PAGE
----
putting them in a “brilliant position” to become sabbatical officers later in their education. In favour of separate presidents for HE and FE, Keating felt there should be a “strong sense of leadership” for students in college, with the current lack of representation leading to only a “semi air of legitimacy.” Not all students feel this way however, with Keating’s competition Toni Pearce arguing that the “hangover” left by early NUS action is soon to be eradicated. Reinforcing the idea that the Union is “about collaboration” and not petty squabbles, Pearce has argued that she is the candidate who has helped “change the narrative” and that NUS is now taking “steps forward.” In contrast to Keating once again, Pearce dismissed the idea that separate presidents were needed, arguing that equal representation was given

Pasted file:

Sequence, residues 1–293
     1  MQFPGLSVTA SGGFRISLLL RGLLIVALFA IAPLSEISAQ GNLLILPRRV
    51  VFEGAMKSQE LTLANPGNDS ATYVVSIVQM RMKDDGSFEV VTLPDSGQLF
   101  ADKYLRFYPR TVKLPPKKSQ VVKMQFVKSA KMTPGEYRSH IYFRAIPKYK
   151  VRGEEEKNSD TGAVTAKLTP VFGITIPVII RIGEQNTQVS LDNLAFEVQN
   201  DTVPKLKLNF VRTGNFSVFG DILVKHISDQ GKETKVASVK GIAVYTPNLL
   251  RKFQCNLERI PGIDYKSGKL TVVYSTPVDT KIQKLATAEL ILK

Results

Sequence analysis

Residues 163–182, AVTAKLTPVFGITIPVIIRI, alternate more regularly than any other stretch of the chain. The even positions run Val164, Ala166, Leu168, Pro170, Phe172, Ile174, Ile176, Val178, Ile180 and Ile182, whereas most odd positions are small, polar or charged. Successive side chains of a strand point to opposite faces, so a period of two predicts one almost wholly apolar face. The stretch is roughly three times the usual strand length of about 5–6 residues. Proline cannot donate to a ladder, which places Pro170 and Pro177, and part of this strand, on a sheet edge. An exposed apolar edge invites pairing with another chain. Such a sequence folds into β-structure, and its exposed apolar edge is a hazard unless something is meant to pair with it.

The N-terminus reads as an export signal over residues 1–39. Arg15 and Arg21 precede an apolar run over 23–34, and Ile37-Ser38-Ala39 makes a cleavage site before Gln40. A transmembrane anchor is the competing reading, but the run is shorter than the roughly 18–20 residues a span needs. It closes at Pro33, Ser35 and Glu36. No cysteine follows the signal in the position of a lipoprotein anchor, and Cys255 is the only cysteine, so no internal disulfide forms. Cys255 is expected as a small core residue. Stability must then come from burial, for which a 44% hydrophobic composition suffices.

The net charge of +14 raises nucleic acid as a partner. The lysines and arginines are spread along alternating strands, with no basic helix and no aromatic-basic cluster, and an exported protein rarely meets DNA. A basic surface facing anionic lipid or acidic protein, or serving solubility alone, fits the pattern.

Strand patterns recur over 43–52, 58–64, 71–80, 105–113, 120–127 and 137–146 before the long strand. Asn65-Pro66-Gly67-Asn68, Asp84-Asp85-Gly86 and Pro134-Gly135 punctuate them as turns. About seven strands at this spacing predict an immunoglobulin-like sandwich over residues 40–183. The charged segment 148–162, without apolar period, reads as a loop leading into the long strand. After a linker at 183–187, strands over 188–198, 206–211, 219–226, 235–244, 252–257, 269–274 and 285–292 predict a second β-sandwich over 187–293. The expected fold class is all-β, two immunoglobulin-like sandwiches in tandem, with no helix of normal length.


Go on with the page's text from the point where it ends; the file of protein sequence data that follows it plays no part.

What NOT To Say At Conference 1.What the fuck does “access” have to do with anything? 2.In the words of the great Maggie T… 3.Personally, I must say I think fee waivers are a really good idea. 4.Does “cluster fuck” have a hyphen? 5.I bet you I can whoop the loudest out of everyone in this hall. 6.Totes Amaze (ad nauseam) 7.I heard Mark Bergfeld is going into business with Philip Green. 8.Oh, leave Nick Clegg alone. 9.Usman Ali and Liam Burns should form a Coalition NUS Government. 10.Did you meet that really nice dude from Goldman-Sachs just yet? 11.When I was on my gap year in Bali (you won’t get to finish this one) 12.Can you believe that they put us in the Copthorne? Fucking cheapskates. 13. I think we should join the 1% and make peace with the authorities.